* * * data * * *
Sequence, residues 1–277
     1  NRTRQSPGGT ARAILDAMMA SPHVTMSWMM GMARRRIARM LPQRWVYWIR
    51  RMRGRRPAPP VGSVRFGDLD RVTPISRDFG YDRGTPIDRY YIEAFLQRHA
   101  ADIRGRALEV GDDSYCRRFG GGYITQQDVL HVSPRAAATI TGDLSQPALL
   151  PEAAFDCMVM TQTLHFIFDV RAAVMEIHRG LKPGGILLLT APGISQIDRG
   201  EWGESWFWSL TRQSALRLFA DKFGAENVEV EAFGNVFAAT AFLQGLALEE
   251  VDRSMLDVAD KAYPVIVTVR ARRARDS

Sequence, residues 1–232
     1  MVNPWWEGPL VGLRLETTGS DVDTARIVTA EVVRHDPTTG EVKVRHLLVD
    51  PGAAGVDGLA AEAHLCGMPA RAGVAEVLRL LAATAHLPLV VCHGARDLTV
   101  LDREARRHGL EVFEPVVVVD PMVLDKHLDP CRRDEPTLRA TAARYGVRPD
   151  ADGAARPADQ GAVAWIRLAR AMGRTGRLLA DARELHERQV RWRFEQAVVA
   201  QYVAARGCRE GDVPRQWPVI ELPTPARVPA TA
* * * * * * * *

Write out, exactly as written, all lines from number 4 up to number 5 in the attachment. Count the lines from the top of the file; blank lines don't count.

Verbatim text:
   101  ADIRGRALEV GDDSYCRRFG GGYITQQDVL HVSPRAAATI TGDLSQPALL
   151  PEAAFDCMVM TQTLHFIFDV RAAVMEIHRG LKPGGILLLT APGISQIDRG